Policy & Tools: Transit-Oriented Development (TOD)

Transit-oriented development (TOD) is mixed-use development that purposefully occurs near public transportation nodes. TOD is characterized by a mix of residential, commercial, and civic uses within walking distance (a half-mile radius) from a transit stop; pedestrian-friendly streets with sidewalks and walkable destinations; reduced parking; high-density development; preservation of open space; and a variety of housing types and prices. The primary environmental benefits of TODs include reducing sprawl, reducing traffic congestion and car dependency, improving environmental quality and open space preservation.

TOD and Equitable Development

Most of the focus on TODs surrounds their environmental benefits and urban design innovations. While the value of these features is undeniable, the Partnership’s main interest is in the ways that TOD can serve the needs of working families and contribute to the equitable development of our nation’s cities.

More than simply infrastructure, transportation represents opportunity: the opportunity to participate in one’s community, to access good jobs and nutritious food, and to live in affordable housing.

TOD projects have the potential to expand these opportunities for working families. Because the costs of owning a car can be prohibitive for many low- and moderate-income people, the ability to live and/or work near transit can connect people to job opportunities to which they may otherwise have no access. The high-density housing patterns that characterize most TOD facilitate lower-cost units. By creating entertainment and employment destinations and integrating transit into neighborhoods, TOD can help support lively and vital communities.

However, TOD’s potential is limited if it is not developed equitably. A critical element of TOD is the inclusion of affordable housing for low- and moderate-income households. Mixed-income TOD can successfully address the rising costs of urban living by tackling housing and transportation costs together—while expanding access to jobs, educational opportunities and prosperity for a wide range of income groups. When TOD includes truly affordable housing, it offers a stable and reliable base of transit riders, broader access to opportunity, and protection from the displacement that often accompanies new development.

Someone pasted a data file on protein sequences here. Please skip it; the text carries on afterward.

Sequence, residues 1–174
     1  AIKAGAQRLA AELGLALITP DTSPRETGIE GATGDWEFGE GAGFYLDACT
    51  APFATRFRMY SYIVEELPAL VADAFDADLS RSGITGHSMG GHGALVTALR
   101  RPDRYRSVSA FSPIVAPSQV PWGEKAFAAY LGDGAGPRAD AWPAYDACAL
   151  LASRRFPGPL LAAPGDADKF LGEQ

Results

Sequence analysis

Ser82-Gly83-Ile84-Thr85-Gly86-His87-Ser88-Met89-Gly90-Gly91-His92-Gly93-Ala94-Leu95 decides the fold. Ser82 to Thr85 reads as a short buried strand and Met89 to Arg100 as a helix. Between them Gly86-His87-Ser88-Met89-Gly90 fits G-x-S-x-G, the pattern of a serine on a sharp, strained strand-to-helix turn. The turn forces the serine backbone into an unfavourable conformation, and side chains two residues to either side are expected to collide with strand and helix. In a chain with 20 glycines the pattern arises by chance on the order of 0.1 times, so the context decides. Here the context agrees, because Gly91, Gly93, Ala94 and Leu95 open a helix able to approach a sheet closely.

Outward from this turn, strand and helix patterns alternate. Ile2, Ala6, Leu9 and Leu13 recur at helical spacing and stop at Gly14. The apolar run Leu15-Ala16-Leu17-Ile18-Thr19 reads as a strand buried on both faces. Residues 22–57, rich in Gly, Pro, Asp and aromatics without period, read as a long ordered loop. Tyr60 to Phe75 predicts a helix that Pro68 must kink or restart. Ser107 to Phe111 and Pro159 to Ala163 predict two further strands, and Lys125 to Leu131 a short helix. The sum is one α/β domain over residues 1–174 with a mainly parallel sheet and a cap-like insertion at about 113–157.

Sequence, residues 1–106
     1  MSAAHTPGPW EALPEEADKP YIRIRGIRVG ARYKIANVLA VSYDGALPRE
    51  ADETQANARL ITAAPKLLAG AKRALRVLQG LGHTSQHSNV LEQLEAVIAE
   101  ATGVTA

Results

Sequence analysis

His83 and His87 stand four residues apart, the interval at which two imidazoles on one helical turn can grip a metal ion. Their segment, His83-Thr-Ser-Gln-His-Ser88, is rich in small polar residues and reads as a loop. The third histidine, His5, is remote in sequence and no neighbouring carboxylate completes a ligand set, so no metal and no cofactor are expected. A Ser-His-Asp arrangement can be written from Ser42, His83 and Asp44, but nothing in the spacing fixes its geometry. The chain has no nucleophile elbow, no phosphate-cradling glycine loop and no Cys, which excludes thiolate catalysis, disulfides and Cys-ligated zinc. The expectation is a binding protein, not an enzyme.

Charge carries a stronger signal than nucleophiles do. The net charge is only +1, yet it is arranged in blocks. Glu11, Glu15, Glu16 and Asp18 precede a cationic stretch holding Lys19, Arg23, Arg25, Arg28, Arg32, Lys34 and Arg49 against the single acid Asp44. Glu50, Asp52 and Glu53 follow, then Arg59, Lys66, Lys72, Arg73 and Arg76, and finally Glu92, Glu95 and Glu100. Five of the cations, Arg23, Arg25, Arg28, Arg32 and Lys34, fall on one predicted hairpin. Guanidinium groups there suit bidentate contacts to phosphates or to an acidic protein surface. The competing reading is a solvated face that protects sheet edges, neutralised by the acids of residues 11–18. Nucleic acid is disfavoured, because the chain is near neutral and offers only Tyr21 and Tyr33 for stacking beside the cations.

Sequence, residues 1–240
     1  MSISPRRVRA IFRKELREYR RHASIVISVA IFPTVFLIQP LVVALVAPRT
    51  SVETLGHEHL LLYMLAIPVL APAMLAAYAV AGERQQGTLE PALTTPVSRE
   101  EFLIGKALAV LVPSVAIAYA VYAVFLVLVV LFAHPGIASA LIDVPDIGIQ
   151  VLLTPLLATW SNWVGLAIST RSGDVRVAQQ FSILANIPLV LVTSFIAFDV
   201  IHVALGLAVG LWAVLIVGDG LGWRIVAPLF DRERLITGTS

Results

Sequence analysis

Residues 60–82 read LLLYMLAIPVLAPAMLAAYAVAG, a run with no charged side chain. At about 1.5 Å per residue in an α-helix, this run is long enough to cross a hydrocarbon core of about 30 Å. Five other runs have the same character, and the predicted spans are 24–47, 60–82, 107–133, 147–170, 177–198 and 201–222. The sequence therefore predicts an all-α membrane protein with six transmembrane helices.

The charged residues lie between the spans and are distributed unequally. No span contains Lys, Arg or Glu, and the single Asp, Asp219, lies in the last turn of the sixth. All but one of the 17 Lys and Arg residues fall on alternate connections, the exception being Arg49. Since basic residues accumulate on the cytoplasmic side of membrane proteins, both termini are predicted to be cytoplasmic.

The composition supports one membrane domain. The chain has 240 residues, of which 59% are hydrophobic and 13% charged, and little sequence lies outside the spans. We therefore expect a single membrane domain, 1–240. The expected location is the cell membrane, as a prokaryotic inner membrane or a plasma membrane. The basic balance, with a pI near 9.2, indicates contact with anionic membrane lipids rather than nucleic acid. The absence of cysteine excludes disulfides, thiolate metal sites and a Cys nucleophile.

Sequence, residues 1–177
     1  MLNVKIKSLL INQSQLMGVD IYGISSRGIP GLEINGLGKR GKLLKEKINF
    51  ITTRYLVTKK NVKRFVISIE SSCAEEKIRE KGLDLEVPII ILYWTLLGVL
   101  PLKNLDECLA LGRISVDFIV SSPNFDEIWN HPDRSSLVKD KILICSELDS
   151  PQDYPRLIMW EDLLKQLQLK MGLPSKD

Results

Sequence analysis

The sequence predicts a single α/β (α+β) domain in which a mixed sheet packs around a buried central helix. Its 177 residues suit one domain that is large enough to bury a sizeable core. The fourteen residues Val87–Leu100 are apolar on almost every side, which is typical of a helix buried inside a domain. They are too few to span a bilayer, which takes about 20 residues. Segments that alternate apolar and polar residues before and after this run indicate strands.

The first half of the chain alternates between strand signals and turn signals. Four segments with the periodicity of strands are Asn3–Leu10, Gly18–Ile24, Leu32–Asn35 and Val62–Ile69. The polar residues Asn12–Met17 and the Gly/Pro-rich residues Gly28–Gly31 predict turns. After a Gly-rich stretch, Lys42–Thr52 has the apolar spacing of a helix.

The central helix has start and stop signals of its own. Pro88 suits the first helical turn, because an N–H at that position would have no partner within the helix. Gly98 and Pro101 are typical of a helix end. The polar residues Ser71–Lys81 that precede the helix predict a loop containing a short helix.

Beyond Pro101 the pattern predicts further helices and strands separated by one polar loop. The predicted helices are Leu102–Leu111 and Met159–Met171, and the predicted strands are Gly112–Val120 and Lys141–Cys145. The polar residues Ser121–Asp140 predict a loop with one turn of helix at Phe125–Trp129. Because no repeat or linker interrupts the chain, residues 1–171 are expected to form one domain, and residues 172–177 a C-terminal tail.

Community Benefits from TOD

Community benefits agreements (CBAs) can maximize the contribution of TOD to urban equity. Across the country, our Partners have been involved in community benefits coalitions that have negotiated CBAs with TOD developers. These agreements ensure that the needs of low- and moderate-income workers receive full attention. By agreeing to participate in local hiring programs and provide living wage jobs, developers enable TOD projects themselves to become opportunities for good jobs for local residents. When CBAs require the developer to include a substantial amount of affordable housing, people who cannot afford cars can both live and work near the new development.

To learn more about how our Partners have used CBAs to enhance TODs, explore the projects listed below:

Other TOD Resources


  • Making the Connection: Transit-Oriented Development and Job. Sarah Grady with Greg LeRoy. Good Jobs First, March 2006.
  • The Mixed-Income Housing TOD Action Guide The Center for Transit-Oriented Development and the Great Communities Collaborative.
  • The Transportation Prescription. Judith Bell and Larry Cohen. Policy Link and Prevention Institute.
  • The Case for Mixed-Income Transit-Oriented Development in the Denver Region. Dena Belzer, Robert Hickey, Wells Lawson, Shelley Poticha and Jeff Wood. Center for Transit-Oriented Development, March 2007.